The final LP from the Portland noise/improve duo Yellow Swans has titles indicating either that they feel trapped (“Foiled”, “Limited Space”), or that they’ve decided to change course and look forward to the future (“Opt Out”, “New Life”, “Going Places”). That’s the nature of titles for instrumental music. They work as framing devices, whether the intention is joking or serious.
Since 2001, Yellow Swans have amassed such a body of work that it seems like their discography will elude completist collectors for years to come. Once a band is gone, the meaning of that collecting changes from following to remembering. The band gets a new life. The “so long, it’s been good to know you” vibe of Going Places’s song titles seems an indication of the multiple purposes and meanings in the album’s status as their last.
Musically, it seems no elegy or closing bookend. It’s as restless and creative as the duo have ever been. In some ways, it’s even more so, as Yellow Swans, always progressive in their approach to the noise/melody duality, do an especially good job here of making pretty and even tuneful songs that still have that tear-your-face-off quality.
Going Places starts quiet but not monolithic. “Foiled” is foggy atmosphere, but with a stick-like percussion sound, formed of static, pushing along like a train or mechanical force. It clears out at the end, giving way to a wind that feels electric. The 13-minute “Opt Out” starts similar, with an eerie balance of misty mood and moving parts, but builds in intensity, courtesy of more typically ‘noise’-y blasts of static. It carries a tune like a film score might, and continues to do so while they’re ripping and roaring against our eardrums. That fierce progression makes it cathartic in more ways than one.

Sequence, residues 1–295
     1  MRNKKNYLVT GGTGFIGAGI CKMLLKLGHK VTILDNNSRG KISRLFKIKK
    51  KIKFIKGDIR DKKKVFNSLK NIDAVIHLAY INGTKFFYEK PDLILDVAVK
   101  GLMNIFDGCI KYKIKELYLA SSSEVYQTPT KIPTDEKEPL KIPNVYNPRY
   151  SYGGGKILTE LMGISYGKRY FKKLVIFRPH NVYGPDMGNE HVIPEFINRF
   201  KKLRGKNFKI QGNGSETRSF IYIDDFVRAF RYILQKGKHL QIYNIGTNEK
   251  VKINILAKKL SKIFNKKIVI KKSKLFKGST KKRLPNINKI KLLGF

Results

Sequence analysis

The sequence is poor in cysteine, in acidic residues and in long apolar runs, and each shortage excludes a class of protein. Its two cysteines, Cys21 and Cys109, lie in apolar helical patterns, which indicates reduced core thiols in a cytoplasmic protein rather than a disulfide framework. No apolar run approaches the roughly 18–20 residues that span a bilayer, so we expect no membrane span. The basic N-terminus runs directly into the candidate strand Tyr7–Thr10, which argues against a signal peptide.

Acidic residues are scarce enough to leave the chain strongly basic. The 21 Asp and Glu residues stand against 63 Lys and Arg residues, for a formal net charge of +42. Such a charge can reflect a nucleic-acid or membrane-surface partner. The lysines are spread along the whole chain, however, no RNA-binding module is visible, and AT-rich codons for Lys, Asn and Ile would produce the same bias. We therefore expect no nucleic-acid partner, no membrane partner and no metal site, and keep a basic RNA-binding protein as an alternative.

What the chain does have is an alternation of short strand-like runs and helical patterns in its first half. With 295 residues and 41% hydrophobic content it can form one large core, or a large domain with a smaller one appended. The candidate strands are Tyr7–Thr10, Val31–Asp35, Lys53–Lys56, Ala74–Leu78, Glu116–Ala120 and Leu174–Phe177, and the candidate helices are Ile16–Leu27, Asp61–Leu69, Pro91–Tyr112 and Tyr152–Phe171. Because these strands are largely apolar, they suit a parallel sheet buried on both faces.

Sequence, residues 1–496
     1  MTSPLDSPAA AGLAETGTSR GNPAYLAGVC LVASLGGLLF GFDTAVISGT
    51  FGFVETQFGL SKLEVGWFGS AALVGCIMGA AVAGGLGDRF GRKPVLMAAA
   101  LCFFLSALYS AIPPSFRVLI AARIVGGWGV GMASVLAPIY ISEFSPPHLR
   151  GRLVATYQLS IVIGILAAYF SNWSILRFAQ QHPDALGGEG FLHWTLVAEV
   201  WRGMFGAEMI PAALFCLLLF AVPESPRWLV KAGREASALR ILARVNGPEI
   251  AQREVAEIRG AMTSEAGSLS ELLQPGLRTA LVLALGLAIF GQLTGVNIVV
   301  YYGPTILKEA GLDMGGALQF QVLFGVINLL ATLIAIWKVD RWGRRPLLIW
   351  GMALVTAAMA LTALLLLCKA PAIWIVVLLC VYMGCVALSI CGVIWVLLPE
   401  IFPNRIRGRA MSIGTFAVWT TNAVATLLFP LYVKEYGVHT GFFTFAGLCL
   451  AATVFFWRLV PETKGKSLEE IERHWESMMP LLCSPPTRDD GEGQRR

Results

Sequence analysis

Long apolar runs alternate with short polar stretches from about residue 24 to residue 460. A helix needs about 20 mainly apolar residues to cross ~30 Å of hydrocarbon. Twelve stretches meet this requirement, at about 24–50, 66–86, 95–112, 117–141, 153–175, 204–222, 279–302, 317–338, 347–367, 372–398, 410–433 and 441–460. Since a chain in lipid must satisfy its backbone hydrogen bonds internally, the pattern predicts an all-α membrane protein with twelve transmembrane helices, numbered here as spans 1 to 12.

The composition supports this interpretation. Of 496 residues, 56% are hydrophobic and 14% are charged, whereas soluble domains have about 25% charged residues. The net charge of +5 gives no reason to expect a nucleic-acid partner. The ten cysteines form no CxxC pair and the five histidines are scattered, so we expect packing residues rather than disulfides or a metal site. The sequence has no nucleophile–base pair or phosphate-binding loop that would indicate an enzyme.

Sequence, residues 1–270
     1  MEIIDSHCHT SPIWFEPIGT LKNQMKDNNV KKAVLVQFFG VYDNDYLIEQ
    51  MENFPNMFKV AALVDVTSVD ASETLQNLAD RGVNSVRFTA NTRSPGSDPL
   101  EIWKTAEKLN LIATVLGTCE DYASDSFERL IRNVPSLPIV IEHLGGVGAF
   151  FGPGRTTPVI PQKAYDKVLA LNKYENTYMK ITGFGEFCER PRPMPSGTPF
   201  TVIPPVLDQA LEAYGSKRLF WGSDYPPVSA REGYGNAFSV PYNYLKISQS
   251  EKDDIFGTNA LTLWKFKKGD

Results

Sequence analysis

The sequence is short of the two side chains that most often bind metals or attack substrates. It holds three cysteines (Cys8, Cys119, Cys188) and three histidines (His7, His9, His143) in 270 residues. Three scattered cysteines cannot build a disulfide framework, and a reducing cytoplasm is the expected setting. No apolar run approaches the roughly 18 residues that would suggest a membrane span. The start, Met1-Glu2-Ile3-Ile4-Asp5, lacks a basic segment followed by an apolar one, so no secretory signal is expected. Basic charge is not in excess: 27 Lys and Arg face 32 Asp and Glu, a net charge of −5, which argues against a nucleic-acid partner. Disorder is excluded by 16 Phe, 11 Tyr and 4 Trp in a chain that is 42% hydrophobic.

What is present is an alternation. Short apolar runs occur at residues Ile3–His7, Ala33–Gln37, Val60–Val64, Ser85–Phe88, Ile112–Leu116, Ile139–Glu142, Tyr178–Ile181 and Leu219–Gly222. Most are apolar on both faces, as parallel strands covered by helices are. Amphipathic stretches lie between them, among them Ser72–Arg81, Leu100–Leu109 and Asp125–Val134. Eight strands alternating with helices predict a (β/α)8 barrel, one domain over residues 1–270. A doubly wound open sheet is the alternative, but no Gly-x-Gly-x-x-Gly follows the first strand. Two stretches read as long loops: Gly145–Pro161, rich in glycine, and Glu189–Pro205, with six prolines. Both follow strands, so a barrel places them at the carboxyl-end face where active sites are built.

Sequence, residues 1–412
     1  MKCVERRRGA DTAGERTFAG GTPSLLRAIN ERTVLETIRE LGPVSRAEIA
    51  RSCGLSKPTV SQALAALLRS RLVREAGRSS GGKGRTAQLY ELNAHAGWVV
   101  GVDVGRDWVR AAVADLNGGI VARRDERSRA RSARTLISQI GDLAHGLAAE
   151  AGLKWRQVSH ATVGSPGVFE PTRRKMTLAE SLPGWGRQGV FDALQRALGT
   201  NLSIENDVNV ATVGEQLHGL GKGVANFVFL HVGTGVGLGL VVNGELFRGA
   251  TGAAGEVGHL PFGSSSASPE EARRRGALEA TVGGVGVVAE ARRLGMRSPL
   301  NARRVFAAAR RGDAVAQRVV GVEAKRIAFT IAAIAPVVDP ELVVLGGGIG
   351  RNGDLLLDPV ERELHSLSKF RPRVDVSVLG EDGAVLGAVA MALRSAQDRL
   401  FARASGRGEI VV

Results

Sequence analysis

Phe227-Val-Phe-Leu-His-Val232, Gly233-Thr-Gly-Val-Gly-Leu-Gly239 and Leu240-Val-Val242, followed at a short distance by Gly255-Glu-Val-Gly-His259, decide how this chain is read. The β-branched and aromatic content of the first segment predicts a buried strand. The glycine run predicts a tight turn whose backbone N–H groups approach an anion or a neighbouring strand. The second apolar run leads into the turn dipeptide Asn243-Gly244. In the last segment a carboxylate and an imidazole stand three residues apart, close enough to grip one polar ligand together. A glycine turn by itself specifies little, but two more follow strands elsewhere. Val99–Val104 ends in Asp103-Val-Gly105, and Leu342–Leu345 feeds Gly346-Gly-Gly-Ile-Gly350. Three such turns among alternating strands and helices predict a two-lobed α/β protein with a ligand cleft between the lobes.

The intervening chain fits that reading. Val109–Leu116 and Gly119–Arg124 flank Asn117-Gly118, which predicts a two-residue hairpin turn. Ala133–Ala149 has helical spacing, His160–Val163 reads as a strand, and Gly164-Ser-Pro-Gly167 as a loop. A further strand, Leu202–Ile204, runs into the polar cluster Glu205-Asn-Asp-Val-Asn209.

This tightrope between sharpness and immersive soundscape, between control and chaos, composition and randomness, is walked throughout the album, and of course those are all proven to be false dichotomies, or at least it’s clear that Yellow Swans continually destroy those lines. Theirs is very aggressive music, or very pretty aggressive music. A track like “Limited Space” contains rage of some sort, or at least a heavy sense of distilled foreboding. But the stride of it is also quite majestic, and the specifics quite diverse; a junkbox of chimes, fuzz, what could be guitars sweeping across the desert, and what could be a film-score composer leading a group of string players. Those chime-like sounds remind me of the railroad again, either the clanging of the crossing signal or the sound of hammers hitting steel as the tracks were constructed, out of sweat and blood no doubt.
That image in turn evokes the pain and promise of expansion, of moving forward, of going places. The final notes of Going Places are more electrifying and horrifying than mechanical or steadfast. They leave us in a cloud, a cloud of echo.
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